Half of American Adults Use Social Networks, says Pew Survey
By Jeff Bertolucci
Nearly two-thirds of online adults in the U.S. use social networking sites, and they’re generally pleased with the experience, according to a new survey by the Pew Internet & American Life Project. And perhaps more telling of just how pervasive Facebook, Twitter, LinkedIn, Google+ (and, OK, Myspace too) have become in our day-to-day lives, half of all U.S. adults now use social networks.
This is the first time in Pew Internet surveys that 50 percent of all U.S. adults report using social sites.
Meet the Parents–Online
Sixty-five percent of adult Internet users are active on social nets, up from 61 percent a year ago. The biggest boom is among ages 50 to 64. On an average day, social networking usage among Baby Boomers grew an impressive 60-percent–rising to 32 percent from 20 percent.
“The graying of social networking sites continues, but the oldest users are still far less likely to be making regular use of these tools,” said Mary Madden, Senior Research Specialist and co-author of the report, in a statement.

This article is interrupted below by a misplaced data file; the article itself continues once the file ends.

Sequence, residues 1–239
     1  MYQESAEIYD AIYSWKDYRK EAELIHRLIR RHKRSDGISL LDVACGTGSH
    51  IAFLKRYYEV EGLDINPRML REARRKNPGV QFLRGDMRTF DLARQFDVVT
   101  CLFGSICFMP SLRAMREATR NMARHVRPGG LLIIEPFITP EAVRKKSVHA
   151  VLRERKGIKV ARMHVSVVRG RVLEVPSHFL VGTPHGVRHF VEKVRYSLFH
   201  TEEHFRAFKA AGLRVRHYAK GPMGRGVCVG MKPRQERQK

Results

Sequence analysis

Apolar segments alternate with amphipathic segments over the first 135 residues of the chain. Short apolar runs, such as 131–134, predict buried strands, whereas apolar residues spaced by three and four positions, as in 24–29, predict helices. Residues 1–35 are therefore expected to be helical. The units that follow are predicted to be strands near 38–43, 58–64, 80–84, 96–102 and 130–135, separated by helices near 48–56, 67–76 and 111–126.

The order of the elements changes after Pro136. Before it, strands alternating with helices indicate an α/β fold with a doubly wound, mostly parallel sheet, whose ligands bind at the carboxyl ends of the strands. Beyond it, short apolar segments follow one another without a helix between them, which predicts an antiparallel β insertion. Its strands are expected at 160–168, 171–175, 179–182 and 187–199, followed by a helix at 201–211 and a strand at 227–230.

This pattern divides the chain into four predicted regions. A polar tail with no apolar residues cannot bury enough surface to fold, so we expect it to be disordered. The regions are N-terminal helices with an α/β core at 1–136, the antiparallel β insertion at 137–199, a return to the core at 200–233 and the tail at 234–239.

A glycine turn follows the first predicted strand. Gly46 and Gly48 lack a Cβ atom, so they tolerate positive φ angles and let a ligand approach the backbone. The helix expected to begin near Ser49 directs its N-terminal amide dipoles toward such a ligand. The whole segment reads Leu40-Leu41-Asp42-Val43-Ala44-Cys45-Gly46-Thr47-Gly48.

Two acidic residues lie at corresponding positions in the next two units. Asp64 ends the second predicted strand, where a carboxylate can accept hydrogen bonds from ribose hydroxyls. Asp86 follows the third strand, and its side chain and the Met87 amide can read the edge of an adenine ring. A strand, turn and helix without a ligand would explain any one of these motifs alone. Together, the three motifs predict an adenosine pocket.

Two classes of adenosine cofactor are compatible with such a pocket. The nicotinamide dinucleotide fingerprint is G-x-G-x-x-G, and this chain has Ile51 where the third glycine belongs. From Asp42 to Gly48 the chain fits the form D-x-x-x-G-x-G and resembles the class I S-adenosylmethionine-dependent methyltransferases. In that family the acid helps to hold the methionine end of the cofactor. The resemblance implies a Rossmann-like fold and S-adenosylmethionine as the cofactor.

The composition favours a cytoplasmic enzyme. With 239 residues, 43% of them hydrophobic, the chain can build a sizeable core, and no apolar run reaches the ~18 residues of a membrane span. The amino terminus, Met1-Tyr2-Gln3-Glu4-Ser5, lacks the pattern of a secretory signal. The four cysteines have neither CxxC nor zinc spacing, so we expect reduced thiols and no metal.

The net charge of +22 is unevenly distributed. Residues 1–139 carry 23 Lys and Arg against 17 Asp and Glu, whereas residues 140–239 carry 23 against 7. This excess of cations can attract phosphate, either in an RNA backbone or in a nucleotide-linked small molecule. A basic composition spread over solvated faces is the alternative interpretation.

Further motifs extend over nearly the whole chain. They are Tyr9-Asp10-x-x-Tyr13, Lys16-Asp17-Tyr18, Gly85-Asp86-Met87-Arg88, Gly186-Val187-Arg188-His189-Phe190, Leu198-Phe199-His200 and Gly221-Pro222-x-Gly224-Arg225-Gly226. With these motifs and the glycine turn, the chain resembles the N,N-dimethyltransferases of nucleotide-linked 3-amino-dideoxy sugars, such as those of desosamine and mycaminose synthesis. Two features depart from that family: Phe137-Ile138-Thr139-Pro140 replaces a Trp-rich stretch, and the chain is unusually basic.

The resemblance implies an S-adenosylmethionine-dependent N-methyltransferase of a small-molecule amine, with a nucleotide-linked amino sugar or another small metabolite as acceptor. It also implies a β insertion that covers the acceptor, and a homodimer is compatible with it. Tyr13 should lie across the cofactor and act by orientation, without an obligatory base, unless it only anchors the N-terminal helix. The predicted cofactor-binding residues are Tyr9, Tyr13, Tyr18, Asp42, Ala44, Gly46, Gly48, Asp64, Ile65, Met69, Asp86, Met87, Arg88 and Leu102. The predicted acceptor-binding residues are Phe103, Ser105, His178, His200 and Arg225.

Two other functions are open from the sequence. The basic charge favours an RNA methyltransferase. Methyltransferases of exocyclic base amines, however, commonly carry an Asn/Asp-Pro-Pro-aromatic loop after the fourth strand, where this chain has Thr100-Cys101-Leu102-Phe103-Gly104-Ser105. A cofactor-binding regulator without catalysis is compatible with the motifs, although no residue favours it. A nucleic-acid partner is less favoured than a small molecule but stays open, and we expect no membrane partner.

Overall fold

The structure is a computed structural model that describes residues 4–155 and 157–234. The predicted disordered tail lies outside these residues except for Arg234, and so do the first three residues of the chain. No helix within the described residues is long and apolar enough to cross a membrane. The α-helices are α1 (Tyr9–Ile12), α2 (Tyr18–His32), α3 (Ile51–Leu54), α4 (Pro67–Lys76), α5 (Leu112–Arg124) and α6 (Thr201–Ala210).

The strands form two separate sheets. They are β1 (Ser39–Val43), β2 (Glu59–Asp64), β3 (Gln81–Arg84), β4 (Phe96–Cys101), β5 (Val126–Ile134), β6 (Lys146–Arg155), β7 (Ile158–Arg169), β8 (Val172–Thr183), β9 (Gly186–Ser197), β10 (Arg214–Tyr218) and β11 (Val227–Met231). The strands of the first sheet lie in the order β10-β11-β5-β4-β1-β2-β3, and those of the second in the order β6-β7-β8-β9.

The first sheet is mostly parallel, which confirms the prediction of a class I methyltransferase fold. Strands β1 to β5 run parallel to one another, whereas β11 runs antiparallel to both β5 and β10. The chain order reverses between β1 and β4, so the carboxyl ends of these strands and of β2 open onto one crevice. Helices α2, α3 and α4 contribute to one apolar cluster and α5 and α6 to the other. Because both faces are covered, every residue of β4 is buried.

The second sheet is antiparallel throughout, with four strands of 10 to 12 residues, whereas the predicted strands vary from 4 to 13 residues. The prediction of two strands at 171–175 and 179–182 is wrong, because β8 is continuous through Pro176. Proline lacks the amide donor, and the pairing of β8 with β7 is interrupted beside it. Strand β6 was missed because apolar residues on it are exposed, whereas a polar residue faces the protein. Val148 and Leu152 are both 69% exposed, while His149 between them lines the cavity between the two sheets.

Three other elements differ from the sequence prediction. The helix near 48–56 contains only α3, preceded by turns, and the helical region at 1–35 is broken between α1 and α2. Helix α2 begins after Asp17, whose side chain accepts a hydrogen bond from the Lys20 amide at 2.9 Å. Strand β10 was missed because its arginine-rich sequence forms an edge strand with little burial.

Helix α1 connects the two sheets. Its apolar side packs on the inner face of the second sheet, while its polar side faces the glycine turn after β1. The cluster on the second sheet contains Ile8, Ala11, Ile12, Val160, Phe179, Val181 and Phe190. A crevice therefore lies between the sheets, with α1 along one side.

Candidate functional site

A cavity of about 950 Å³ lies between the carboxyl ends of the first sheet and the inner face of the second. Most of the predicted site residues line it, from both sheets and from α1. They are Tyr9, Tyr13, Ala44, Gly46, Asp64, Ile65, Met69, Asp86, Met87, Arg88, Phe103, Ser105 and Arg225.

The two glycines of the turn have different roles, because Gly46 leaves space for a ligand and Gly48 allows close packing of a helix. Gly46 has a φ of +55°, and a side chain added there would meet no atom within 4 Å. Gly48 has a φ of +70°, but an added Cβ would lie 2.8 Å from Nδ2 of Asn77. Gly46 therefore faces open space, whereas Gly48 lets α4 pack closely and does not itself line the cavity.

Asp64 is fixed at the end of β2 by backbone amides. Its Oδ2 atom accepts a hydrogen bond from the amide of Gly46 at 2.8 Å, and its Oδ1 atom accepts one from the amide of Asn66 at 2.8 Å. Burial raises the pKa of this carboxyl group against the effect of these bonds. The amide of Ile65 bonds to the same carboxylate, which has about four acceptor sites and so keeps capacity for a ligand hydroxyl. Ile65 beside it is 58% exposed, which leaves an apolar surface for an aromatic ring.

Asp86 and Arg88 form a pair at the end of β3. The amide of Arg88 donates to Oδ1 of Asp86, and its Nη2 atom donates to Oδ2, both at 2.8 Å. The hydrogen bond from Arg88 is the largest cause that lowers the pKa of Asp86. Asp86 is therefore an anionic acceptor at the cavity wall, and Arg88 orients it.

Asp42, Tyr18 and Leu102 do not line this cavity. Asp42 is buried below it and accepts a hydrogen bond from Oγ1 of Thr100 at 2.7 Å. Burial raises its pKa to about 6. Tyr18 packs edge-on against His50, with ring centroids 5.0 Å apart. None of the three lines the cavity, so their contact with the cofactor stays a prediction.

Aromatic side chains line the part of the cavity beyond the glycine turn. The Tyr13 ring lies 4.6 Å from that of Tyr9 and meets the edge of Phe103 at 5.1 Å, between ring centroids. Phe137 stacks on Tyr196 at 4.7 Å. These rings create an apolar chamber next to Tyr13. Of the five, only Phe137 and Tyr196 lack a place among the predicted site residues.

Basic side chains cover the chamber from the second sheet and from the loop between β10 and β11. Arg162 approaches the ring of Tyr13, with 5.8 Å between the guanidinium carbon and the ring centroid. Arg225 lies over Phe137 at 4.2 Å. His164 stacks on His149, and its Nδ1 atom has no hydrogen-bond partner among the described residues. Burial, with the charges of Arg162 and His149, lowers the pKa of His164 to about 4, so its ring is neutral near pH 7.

“While seniors are testing the waters, many Baby Boomers are beginning to make a trip to the social media pool part of their daily routine,” Madden added.
Meanwhile, the popularity of social networks among young adult Internet users (under 30) is essentially unchanged over the past year: 61 percent of online Americans in that age group use social nets on a typical day, up from 60 percent.
A Good Thing
A separate Pew survey question asked online adults for one word to describe their experiences with social networking sites. “Good” was the most popular reply, as shown below in Pew’s word cloud.
(image: Pew image.jpg)
As you can see, user responses to social networking site were far more favorable than negative. You really have to look hard to find “wasteful,” “annoying,” and “intrusive.” Then again, “okay”–hardly a ringing endorse of the social network experience–was a popular response as well.
The Pew Internet poll was conducted on landline and cell phones between April 26 and May 22, 2011 among 2,277 adults (age 18 and older).